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This procedure substitute replacement cost for experienced or consumed cost and has the virtue of charging materials into production at a current and significant cost. This method of materials costing and that of using the last purchases price are often used for small, low priced items. Standard cost. This method charges issued materials at predetermined or estimated cost reflecting a normal or an expected future cost. Receipt and issued of materials recorded in quantities only on the material ledger card or in the computer data bank, there by simplifying the record keeping and reducing clerical or data processing cost. To plan manufacturing requirement, every stock item or class of items must be analyzed periodically to: Fore cast demand for the next month, quarter, or year. Determine acquisition lead time. Plan usage during the lead time. Establish quantity on hand. Place units on order. Determine reserve or safety stock requirement. Q.15. Why is control of materials important from a managerial-planning perspective? ANS: Materials managers are constantly confronted with the following problems and requirement: Inventories account for a large portion of the working capital requirements of many businesses. This makes materials and / or inventory management a major problem requiring constant attention by all three management levels. At present, the problem of materials management has become even more acute due to market conditions and inflation. Effective materials management and materials control is found in an organization in which individual have been vested with responsibility for, and authority over, the various details of procuring, maintaining, and disposing of inventory. Such a person or persons must have the ability to obtain, coordinate, and evaluate the necessary facts and to take action when and where needed. Q.16. Elimination of inventories though a JIT system is believed to result in a number of different types of cost saving. Itemize the types of saving from a JIT system. ANS: Manufacturing processes are increasingly being based on the receipt of row materials from suppliers justin- time for their used on the plant floor. When firms row materials can be handled in this immediate use mode, traditional storeroom receipt, storage, and issuance procedure are abbreviated. Storage, except for brief periods directly on the plant floor, is eliminated. Receipt and issuing documentation can be combined.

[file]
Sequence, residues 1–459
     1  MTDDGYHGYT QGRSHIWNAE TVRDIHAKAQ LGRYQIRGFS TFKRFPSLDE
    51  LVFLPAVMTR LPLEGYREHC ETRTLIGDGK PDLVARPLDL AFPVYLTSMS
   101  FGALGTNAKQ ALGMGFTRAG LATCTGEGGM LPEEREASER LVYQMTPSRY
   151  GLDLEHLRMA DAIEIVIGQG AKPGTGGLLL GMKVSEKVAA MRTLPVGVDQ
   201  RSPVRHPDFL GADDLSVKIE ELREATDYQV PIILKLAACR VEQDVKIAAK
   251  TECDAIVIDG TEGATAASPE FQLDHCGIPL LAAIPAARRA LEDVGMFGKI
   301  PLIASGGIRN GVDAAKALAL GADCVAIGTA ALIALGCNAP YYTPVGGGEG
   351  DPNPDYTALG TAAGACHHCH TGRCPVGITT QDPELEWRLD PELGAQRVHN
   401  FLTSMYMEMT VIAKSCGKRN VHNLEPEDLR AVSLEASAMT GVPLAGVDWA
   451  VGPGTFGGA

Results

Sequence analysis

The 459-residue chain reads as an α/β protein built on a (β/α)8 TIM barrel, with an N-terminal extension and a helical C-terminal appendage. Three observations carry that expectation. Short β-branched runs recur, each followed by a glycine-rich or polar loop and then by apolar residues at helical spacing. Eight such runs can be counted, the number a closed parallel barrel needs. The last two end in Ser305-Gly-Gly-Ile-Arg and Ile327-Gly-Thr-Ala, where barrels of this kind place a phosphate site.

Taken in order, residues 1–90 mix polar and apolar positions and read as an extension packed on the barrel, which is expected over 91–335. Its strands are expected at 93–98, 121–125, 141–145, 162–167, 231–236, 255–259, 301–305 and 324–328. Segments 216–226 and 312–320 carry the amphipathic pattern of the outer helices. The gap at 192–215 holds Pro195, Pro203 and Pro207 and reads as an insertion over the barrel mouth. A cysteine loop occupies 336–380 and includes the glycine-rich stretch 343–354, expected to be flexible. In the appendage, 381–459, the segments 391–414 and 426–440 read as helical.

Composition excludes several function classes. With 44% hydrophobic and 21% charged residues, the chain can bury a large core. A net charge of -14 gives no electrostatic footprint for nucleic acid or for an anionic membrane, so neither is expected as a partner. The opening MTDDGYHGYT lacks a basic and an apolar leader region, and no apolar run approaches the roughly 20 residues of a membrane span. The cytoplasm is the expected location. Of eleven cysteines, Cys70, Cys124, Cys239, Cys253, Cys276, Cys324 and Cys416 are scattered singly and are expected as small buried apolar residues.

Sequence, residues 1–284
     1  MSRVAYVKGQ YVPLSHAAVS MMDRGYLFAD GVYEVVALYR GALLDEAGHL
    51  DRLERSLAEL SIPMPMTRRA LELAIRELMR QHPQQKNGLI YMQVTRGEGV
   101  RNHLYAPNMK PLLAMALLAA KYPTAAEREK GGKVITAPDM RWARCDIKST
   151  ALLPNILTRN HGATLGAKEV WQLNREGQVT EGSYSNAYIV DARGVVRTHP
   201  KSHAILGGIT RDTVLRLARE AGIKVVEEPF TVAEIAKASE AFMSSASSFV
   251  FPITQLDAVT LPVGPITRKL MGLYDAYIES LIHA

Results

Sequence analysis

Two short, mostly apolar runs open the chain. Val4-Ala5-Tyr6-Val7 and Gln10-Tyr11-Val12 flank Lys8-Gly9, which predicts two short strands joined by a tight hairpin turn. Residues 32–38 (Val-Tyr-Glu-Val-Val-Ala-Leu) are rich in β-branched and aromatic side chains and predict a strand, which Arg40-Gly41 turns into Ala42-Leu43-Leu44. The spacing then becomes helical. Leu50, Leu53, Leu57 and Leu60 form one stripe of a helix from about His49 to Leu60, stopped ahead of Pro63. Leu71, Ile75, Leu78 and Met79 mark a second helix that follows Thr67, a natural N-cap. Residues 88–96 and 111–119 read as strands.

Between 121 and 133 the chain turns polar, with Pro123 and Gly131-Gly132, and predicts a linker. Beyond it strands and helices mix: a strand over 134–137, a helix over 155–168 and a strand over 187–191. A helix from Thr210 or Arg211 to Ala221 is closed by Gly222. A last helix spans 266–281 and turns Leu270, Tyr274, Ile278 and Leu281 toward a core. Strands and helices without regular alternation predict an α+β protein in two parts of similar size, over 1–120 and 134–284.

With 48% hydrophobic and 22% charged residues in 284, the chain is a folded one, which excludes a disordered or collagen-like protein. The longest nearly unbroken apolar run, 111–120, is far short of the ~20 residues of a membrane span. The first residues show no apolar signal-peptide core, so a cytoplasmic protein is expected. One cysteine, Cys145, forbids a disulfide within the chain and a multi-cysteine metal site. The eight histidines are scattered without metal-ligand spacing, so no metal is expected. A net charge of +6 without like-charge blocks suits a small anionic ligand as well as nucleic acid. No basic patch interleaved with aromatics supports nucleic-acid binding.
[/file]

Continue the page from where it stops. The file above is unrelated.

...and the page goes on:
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As result, there is a saving in paperwork and, more importantly, a saving in inventory investment, storage, and handling costs. Q.17. What is the difference between accounting for costs under a JIT system and under a traditional process costing system? ANS: Process costing. A cost of production report is used to collect summarized and compute total and unit cost. Production is accumulated and reported by department. Costs are posted to departmental work in process account. Production is a process at the end of period is restated in terms of complete unit. Total cost charged to a department is divided by total computed production of the department in order to determine a unit cost for a specific period. J . I . T. The saving that can result from a minimum inventory investment & associated carrying cost has led to increasing attention to J. I T. Inventory system. Such a procedure calls for heightened coordination with suppliers so that materials arrive immediately prior to then use. J. I. T. authorization for a part to be made at a work station is generated by a requirement for a part at the next work station in the production lines. As parts are used in final assembly the need for production of their replacement is authorized. The process is repeated at all proceeding work stations thus pulling parts through the production system as they are needed and eventually pulling row materials & purchased parts from suppliers. J. I. T pertains to row materials inventory as well as to work in procen inventory between interacting work cents. J. I. T. places a new emphasis on the desirability of minimum inventory levels and improving integrated manufacturing process rather than focusing on individual materials or operations use of other materials planning and control tools such as EOQ and safety stock calculation. Q.18. What operating conditions are necessary for a company to make use of a JIT system? ANS: A successful just-in-time system requires a change in manufacturing processes to accommodate this new inventory philosophy. What is involved is process management, not merely inventory management. The fundamental objective of JIT is to produce and deliver what is needed, when it is needed, at all stages of the production processjust in time to be fabricate, sub assembled, assembled, and shipped to the customer. Although in practice there are no such plants, JIT is an ideal and therefore a worthy goal. The benefits are low inventory, high manufacturing cycle rates, high output per employee, minimum floor space requirements, minimum indirect labor, and perfect in-process control. An associated requirement of a